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Feature 20 Jul 17

Golden Tourist Future Awaits Albania’s Mystery Island

Once the sealed-off home of military personnel, the island of Sazan, off Vlora, is becoming a major attraction for Albanians and foreigners alike.

Fatjona Mejdini

Enver Hoxha, the infamous dictator of Albania, had a grand plan for the island of Sazan: to turn into a rocky fortress against the Western powers that he feared might invade his fiefdom.

The biggest island off Albania, covering a total area of 5.7 square km, it lies strategically between the Adriatic and Ionian seas in the middle of the territorial waters of Albania and Italy, or the so-called “Otranto Strait”.

The island has long served as a military base. Italian forces occupied it in 1920 and it was only on October 22, 1944, towards the end of the Second World War, that Hoxha’s Partisans declared its liberation.

While Hoxha proudly declared that Albania now held the “keys of the Otranto Strait”, referring to Sazan, he started work on transforming the island in a heavily fortified area.

The Soviets helped out with munitions and expertise, while dozens of tunnels - some of them anti-nuclear shelters - were built on the island. What Hoxha knew to do best, of course, were his trademark bunkers. Around 3,600 of them were erected on the island.

However, the war machinery being built in Sazan needed people, and during the 46 years of the dictatorial system, around 10,000 of them had to live in the area.

The families of soldiers, admirals and generals filled the island, while infrastructure followed, including houses, culture halls, schools, hospital and community facilities. Human life flourished amid the struggle to secure electric energy and drinking water.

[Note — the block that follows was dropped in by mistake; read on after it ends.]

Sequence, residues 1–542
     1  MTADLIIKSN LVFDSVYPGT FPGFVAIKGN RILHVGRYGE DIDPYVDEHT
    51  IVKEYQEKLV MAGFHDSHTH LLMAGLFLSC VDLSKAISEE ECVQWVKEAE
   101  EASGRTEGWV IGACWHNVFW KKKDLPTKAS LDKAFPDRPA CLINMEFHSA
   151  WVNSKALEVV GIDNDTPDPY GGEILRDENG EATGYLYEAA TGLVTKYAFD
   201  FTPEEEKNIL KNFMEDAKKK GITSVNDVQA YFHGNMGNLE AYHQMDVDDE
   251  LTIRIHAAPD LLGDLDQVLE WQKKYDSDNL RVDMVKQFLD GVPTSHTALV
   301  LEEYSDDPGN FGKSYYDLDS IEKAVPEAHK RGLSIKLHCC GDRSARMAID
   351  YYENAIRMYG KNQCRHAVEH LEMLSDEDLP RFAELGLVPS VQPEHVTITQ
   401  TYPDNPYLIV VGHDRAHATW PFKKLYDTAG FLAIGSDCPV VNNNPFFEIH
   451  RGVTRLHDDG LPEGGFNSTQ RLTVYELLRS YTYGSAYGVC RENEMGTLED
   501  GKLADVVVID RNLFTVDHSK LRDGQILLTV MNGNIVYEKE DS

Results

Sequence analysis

However, for the rest of Albania, Sazan was a place of mystery and legend. For people not related to the life on the island, this was a restricted area.

The fall of the Communist regime did not lift the curtain on Sazan, either. The Albanian army continued to use it as a military base, while the Italian and Albanian police now used to track illegal activities and movements between the two countries.

In 2015, the government for the first time briefly allowed tourist boats from the Bay of Vlora to dock in Sazan and people could see the hidden island and swim from its beaches. But in 2016 the island was closed off again.

This April, however, after the Ministries of Defence, Economy and Tourism reached an agreement, they decided to open up the island once again for tourist purposes from May to October. Vlora-based tourist agencies immediately grabbed the chance.

 Lure for tourists despite the lack of facilities

Sazan island. Photo: BIRN

On a July morning, in the port of Vlora, around 200 people were waiting to depart for a full-day boat trip to Sazan – the trip also included the Karaburun peninsula.

Locals and tourists from all over the world gathered with excitement while the four boat crews were making the last agreements with the port authorities.